On Wednesday, I gave a short interview to a report for a regional newspaper. The subject was the upcoming Blue Ridge Breakaway ride (last year’s Ride of the Year), but he asked some general questions about riding and specifically climbing.
One of his questions caught me off guard. He asked what I think about while I’m climbing. I immediately drew a blank. What do I think about? At first I said that I tune everything out, get into a climbing/grinding rhythm and think about nothing whatsoever. He challenged me on that, saying that all human beings are thinking about something all the time. Hmm, in that case I had no idea. General life, maybe?
The next morning when I decided to climb nearby Loveland Pass, that question was in my consciousness. I tried to focus on my thought patterns, more for my own curiosity than his article (he had a short deadline anyway).
Loveland Pass is an alternate route to and from Summit County. It used to be the only way across the mountain until construction of the Eisenhower Tunnel was completed in 1973. It is open year-round and is the only available route for trucks carrying hazardous materials. I found that traffic was light, save for the occasional respectful motorist and HM truck. They were not an issue.
From Keystone, CO, the climb is roughly 8-miles at a near consistent 6% grade. I parked at the Keystone Gondola lot, nearly deserted this time of year.
It was chilly, and I began the climb without warming my legs up too much. It begins with a series of long, straight roads, all at that constant 6% grade. Another rider passed me early on, and we talked for awhile. He was also staying in Breckenridge, visiting from Dallas. We talked a bit about the climbs we had ridden in the area, then he sped away from me. My first thought was why this flatlander was so much stronger than me.
My heart rate was high again. Shortly afterward, I experienced some hamstring tightness. At that point my thoughts were not pleasant, as I was literally grinding sore muscles up the steep pass. I persisted. Eventually the soreness alleviated, and the heart rate stabilized. I could focus on the climb at hand.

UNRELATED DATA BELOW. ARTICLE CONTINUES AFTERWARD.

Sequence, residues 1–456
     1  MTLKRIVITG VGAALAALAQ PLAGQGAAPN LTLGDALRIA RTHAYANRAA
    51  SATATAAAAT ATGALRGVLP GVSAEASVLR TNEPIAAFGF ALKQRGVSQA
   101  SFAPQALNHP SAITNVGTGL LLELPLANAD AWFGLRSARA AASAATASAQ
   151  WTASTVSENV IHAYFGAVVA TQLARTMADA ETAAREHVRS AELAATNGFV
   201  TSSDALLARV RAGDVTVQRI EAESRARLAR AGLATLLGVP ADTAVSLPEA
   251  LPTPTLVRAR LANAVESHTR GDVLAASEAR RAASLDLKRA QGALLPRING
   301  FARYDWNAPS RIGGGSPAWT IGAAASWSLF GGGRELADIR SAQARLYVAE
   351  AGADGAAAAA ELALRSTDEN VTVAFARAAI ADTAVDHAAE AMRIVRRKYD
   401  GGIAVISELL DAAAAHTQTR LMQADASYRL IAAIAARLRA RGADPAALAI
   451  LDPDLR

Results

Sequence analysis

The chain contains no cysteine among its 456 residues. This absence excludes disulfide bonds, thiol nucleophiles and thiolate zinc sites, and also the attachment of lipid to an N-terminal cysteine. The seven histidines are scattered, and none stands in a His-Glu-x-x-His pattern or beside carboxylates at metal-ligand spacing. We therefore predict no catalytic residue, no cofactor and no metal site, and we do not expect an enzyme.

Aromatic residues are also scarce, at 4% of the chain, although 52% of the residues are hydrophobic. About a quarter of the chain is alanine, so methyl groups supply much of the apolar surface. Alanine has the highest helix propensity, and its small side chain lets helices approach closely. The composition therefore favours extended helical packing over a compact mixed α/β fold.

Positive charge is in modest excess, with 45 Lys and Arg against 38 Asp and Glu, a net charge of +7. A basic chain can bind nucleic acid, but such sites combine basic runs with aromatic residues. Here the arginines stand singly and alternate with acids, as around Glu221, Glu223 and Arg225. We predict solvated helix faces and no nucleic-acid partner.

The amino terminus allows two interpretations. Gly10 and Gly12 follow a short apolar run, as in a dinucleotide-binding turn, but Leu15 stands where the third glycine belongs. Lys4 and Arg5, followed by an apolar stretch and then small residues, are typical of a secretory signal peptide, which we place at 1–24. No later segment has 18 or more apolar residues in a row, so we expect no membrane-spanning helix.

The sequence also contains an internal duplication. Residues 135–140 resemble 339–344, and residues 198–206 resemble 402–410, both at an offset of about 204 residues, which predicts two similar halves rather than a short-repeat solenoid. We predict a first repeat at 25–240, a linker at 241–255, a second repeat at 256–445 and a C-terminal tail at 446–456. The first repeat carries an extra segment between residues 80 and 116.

As I passed by the Arapahoe Ski Basin, I marveled at the beauty of the slopes and the desolation of the resort. I found out later that this is a local favorite, and usually has snow until June.
At that point, the straight roads yield to tight switchbacks, which would be present until I reached the summit. I climbed above the tree-line, and from then on, was practically hypnotized by the beauty of the surrounding mountains. Of all the roads I had climbed until that point, this was the prettiest. Evans was gorgeous, but it only allowed distant glimpses of nearby peaks. Going up Loveland, I was faced with 12ers and 13ers the entire way up.
The road would showcase another captivating view after each curve. Again, I paid attention to my thoughts. At one point I was trying to think of appropriate adjectives to describe them (gorgeous, beautiful, spectacular, amazing, etc. have probably been over-used this week). The beauty of these mountains simply exceeded my vocabulary. At around the same time, my muscles cranked into gear and I was climbing a lot stronger, so I then left myself a mental note to warm up or at least stretch next time.
I reached the summit feeling terrific, absolutely energized. After taking my obligatory snapshots, I clipped back in for the long descent.
One thing I had heard about Loveland from local cyclists was it’s exhilarating descent. The road is silky smooth for the entire stretch, probably because it is open and maintained all year. After navigating the curves up top, and reaching the Arapaho Basin, the straightened road was a blessing. I tucked and bombed down the mountain. If I had any thoughts at that point, they were probably alternating between ‘this is cold’ and ‘this is awesome.’
Phew! What a great climb, and an even better descent!
Not wanting the ride to end, I spun around the local bike trails, ending up as far as Swan Mountain before coming back. The trails and climbs are stellar, and I love riding here.